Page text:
Scully’s 67 seasons with the Dodgers is the longest tenure for a broadcaster with a team. He has been the Dodgers’ No. 1 broadcaster since 1954.

Either on the team or NBC broadcasts, Scully has called such memorable moments by the Dodgers (or their opponents) as Kirk Gibson’s pinch-hit home run in the bottom of the ninth inning of Game 1 of the 1988 World Series, Sandy Koufax’s perfect game in 1965, New York Yankee pitcher Don Larsen’s perfect game against the Dodgers in the 1956 World Series and Hank Aaron’s record- setting 715th home run.

Scully’s many honors include the Ford C. Frick Award, presented annually by the Baseball Hall of Fame to a broadcaster for “major contributions to baseball” and being named the greatest sportscaster by the American Sportscasters Association.

A ranking system devised by author Curt Smith for his 2005 book “Voices of the Game” determined that Scully was baseball’s greatest announcer, giving him a perfect score of 100, based on such factors as longevity, language, popularity and persona.

Scully said he would like to be remembered as “a good, honest man, a good husband, a good father, a good grandfather. I’m not even thinking about sports announcing.”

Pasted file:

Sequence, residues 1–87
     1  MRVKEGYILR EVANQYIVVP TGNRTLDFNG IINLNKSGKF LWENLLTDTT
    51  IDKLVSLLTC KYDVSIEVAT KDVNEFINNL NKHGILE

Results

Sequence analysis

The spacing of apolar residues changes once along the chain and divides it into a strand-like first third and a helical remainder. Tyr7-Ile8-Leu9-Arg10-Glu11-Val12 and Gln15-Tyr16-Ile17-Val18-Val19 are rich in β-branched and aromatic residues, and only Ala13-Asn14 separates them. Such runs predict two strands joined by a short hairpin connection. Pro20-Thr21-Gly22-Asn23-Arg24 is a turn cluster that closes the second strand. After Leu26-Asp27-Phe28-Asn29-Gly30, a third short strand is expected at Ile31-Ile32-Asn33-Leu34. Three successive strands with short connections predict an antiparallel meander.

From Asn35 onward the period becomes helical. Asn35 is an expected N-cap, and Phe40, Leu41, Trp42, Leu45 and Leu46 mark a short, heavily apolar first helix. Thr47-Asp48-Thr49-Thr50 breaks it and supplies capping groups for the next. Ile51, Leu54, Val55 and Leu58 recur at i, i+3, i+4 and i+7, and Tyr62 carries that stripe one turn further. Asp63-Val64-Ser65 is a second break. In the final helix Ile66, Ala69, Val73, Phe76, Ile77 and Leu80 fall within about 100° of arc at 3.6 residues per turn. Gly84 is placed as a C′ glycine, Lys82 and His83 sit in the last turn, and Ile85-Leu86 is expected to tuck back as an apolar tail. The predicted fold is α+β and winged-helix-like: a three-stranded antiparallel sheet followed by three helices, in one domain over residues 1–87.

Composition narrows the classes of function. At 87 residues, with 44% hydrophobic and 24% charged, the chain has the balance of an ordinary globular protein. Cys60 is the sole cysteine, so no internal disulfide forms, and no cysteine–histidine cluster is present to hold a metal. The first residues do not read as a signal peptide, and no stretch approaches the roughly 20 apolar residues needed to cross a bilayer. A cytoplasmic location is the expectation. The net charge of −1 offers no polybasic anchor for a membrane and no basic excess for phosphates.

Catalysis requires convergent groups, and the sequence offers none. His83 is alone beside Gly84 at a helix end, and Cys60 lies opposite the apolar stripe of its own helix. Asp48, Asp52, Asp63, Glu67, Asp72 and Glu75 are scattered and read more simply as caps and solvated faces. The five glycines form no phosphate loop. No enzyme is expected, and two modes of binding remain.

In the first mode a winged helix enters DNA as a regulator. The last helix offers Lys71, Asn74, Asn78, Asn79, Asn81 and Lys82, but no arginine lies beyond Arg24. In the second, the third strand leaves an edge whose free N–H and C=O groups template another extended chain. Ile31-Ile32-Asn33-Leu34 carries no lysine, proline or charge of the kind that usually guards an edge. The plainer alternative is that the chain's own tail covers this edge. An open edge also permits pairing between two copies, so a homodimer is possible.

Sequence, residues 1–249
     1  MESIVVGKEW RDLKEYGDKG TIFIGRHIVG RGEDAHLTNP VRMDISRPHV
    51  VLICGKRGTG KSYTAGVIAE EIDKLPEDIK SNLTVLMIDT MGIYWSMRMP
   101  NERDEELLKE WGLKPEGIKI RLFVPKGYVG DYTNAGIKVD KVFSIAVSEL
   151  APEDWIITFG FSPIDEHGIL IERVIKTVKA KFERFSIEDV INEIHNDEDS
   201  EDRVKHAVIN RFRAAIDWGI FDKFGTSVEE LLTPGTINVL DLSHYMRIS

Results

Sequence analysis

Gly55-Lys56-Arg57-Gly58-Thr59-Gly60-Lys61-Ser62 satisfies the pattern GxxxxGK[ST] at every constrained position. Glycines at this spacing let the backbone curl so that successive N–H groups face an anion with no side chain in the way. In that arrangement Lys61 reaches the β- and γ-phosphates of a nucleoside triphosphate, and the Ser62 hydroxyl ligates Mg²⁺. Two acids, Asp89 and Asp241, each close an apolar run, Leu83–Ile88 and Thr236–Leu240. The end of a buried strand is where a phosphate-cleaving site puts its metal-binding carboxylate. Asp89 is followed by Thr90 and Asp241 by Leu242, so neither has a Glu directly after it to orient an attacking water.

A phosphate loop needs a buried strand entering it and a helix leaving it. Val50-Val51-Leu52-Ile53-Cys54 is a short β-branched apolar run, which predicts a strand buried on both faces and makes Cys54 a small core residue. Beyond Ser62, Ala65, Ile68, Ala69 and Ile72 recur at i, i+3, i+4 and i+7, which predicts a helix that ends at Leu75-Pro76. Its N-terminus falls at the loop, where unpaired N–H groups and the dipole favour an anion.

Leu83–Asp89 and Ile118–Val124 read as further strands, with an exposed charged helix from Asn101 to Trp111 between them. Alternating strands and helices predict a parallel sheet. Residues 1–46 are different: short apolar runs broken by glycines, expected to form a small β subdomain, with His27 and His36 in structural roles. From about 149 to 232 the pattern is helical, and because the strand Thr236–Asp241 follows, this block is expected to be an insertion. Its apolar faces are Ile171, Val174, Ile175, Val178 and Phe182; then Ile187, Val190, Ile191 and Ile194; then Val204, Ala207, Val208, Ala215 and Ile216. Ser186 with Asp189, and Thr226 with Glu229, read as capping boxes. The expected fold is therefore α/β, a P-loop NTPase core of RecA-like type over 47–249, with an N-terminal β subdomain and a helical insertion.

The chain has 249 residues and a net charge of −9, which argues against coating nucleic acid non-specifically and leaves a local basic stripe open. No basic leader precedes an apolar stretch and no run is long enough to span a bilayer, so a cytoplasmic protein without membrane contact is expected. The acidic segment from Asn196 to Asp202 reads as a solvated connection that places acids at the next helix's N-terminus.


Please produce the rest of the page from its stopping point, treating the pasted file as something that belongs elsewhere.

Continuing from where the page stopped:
From the start of the game, Scully was saluted by players — who all tipped their hats towards the booth from the box at home — and the fans — who carried hundreds of signs and thousands of pictures of him.

Early in the game, the camera captured one child holding a sign that said “thanks, Mr. Scully, for a lifetime of memories.”

“Oh bless your heart,” Scully said. “You folks have given me a ton of memories I will treasure on this so-called job.

“I have never worked in my life.”

The broadcast returned from one commercial break with Sportsnet LA showing a picture of Scully’s predecessor at the Dodgers’ mic, the legendary Red Barber, in a New York radio studio with one Babe Ruth, a one-time Dodgers coach.

And he told a story about it.

Scully recalled learning how to call a game from the legendary Barber.

“I remember, Red saying to me, ‘I don’t want you to listen to me,’ but I was listening (to him),” Scully recalled of the experience six decades ago in Brooklyn.

“And all of a sudden my friends said, ‘you know, you’re dropping your Gs, and I said ‘what do you mean?’ And they said ‘you are starting to talk Southern.”‘

Scully recalled being a kid, and being given a free Yankees ticket by the Police Athletic League in the stands at the Polo Grounds. He remembered running with other kids to a commotion in the upper deck in right field.

“And like very other kid I ran over to the commotion. Arenado fouls it back, two and one.

“And there in the middle, and just the way you would picture him, polo coat and cap, there was Babe Ruth — not signing autographs.

“Two-two pitch, very high to Arendao, three and two.

“What he was doing was, he said ‘no no no singatures,’ and he handed out business cards, and on the business card there was his autograph.

“I got one,” Scully related.

“And I lost it.”

–City News Service